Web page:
The 1 mmol of NaGdF4:Yb, Er, 0.8 mmol of Gd (CF3COO)3, 0.2 mmol of Yb (CF3COO)3, 1 mmol of CF3COONa, 15 mL of OA and 15 mL of ODE were mixed into the reactor. The reactant was stirred for 10 mins at room temperature, and then heated to 120°C under vacuum condition and kept for 40–60 mins to remove excess oxygen and water. When the solution was free of bubbles, the reaction temperature was raised to 310°C and stirred for 60 mins under the condition of nitrogen permeation. The obtained NaGdF4:Yb,[email protected]:Yb core-shell NPs were dispersed in 5 mL of cyclohexane to do the further experiment.

Synthesis Of NaGdF4:Yb, [email protected]:[email protected]:Yb

Then, 1 mmol of NaGdF4:Yb, [email protected]:Yb NPs and 0.8 mmol of Nd (CF3COO)3, 0.2 mmol of Yb (CF3COO)3, 1 mmol of CF3COONa, 15 mL OA and 15 mL ODE were mixed; they were stirred and heated to 120°C under vacuum for 40–60 mins to remove excess oxygen and water. Then, the temperature was raised to 310°C for 60 mins under nitrogen atmosphere. The UCNPs were dispersed in 5 mL of cyclohexane for further use.

Synthesis Of [email protected]2-Ce6 NPs

A layer of mesoporous silica was coated with NPs. Firstly, 0.1 g CTAB was completely dissolved in 20 mL water, and then 2 mL of UCNPs cyclohexane solution (concentration was 5–10 mg mL−1) was added to it. Stirring at 80°C for 10 mins. Then, 10 mL of the solution, 20 mL of water, 3 mL of ethanol and 150 μL of NaOH (2 mol/L) were heated to 70°C. At this point, 150 µL TEOS reaction was added for 10 mins. The product was centrifuged with ethanol for 3 times and dispersed in 50 mL of ethanol. We added 0.25 g of NH4NO3 and heated to 60°C reflux for 2 hrs. The product was cleaned by ethanol for 3 times, the [email protected]2 NPs were obtained.

The [email protected]2 NPs were mixed with 20 µL APTES and 5 mL H2O to stirred for 1 hr. At the same time, 1.5 mg of Ce6, 4 mg of NHS, 6 mg EDC of and 1 mL DMSO were mixed and stirred for 30 mins. Finally, the above solution was mixed and kept away from light for 12 hrs. It was washed twice with centrifugation, we got the [email protected]2-Ce6 NPs.

Synthesis Of [email protected]2-Ce6-GPC3 Nanocomposites

The [email protected]2 NPs were mixed with 20 µL APTES and 5 mL H2O for 1 hr. Then, 1 mg Ce6, 10 µL GPC3 antibody, 4 mg of NHS, 6 mg of EDC and 1 mL DMSO were mixed and stirred for 2 hrs so that the carboxyl group was activated. Finally, they were mixed and the mixture was stirred for 12 hrs in the dark. The product was centrifuged and [email protected]2-Ce6-CPC3 NPs were obtained.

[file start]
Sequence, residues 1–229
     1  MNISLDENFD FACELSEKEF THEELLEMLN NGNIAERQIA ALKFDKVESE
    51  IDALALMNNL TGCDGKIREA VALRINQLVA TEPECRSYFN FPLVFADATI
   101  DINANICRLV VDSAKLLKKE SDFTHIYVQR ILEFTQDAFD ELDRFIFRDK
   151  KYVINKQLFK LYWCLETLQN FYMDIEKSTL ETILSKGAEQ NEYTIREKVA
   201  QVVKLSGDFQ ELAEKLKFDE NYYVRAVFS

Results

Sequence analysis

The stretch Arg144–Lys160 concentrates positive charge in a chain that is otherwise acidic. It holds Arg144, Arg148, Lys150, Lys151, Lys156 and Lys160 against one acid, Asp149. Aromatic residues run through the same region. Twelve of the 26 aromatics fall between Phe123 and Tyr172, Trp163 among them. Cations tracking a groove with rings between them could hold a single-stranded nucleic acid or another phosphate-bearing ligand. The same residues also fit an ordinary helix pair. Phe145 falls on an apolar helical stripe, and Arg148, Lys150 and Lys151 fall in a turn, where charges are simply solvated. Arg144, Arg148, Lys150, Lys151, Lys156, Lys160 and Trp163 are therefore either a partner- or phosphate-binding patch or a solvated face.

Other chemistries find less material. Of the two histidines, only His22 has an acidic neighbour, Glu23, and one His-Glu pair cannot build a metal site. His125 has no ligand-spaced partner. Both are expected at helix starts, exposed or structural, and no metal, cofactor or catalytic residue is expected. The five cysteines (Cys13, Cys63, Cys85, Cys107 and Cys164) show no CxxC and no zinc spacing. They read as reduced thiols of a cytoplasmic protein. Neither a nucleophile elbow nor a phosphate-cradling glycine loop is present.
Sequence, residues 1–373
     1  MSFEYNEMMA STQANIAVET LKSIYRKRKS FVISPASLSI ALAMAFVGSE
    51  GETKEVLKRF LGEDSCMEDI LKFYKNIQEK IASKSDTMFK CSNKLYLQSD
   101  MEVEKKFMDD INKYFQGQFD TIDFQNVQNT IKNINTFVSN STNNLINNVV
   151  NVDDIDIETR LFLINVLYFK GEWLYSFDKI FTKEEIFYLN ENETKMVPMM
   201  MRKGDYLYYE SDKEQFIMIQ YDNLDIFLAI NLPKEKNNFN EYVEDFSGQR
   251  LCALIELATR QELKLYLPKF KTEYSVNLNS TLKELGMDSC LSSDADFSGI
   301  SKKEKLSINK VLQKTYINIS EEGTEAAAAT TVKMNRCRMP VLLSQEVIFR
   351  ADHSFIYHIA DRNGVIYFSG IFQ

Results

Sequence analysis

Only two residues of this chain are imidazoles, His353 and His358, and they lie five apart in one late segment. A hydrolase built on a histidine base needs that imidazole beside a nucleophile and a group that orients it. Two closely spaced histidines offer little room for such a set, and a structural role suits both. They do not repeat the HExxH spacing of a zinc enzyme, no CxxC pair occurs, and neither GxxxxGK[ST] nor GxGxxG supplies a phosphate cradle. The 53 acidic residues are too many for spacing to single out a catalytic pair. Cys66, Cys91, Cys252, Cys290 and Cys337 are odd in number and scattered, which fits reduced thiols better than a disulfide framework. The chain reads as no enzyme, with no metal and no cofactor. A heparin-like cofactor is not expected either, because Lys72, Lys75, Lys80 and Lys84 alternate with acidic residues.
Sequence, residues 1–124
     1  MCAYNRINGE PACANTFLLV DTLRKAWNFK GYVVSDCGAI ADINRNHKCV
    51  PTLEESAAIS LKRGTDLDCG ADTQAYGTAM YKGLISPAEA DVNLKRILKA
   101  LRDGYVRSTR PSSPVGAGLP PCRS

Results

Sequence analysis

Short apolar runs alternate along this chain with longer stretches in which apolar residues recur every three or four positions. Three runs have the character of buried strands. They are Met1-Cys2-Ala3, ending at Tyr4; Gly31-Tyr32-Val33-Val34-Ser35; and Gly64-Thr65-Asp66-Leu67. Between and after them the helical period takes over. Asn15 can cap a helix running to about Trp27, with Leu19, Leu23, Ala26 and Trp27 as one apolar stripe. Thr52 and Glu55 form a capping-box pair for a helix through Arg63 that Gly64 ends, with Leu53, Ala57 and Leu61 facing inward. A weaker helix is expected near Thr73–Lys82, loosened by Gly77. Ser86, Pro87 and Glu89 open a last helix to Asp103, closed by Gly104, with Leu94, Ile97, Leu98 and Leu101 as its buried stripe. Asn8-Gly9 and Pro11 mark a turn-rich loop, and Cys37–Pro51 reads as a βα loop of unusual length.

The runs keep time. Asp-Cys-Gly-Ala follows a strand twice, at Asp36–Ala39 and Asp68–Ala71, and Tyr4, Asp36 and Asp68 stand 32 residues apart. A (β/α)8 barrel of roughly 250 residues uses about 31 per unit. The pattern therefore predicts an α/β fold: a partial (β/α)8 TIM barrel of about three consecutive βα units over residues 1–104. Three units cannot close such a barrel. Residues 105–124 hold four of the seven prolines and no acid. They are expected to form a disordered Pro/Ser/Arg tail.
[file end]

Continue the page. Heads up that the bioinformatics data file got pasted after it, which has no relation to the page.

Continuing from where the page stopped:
X-ray diffraction (XRD) was conducted with a Rigaku D/max-TTR-III diffractometer utilizing Cu-Ka radiation (λ = 0.15405 nm). Transmission electron microscopy images were captured on an FEI Tecnai G2S-Twin with a field emission gun operating at 200 kV. A Hitachi U-3100 spectrophotometer was used to characterize the UV-visible spectra of the samples. The solution of the [email protected]2-Ce6 (1 mg/mL) was oscillated in the constant temperature water bath oscillator, and the ultraviolet absorption spectra at 650 nm was measured before and after centrifugation (2000 rpm, 5 mins) once a day to evaluate the stability of Ce6. Fourier transform infrared (FT-IR) spectroscopy spectra were got on a Perkin-Elmer 580BIR spectrophotometer utilizing the KBr pellet as the background. The fluorescence life curves of the samples were recorded and measured using the Tektronix MSO/DPO4000 oscilloscope. Upconversion emission spectra were tested on a R955 Hamamatsu photomultiplier tube, from 400 to 800 nm, the 808 nm laser diode module (K98D08M-30W, China) was used as the irradiation source. The images of confocal microscopy were recorded by a Leica TCS SP8. All the measurements were performed at room temperature.

Cellular Uptake In Vitro

[email protected]2-Ce6-GPC3 (1 mg mL−1) was incubated with normal liver L02 cells and liver hepatocellular carcinoma HepG2 cells at 37°C for 0.5 hr, 1 hr and 3 hrs, respectively. The cells were washed with PBS and fixed with 2.5% glutaraldehyde for 10 mins. After rinsing, the cells were stained with 5 µg mL−1 of DAPI solution per well for 10 mins. We used the confocal microscope to record the imaging of cells.

In Vitro Bio-Compatibility Using MTT Assay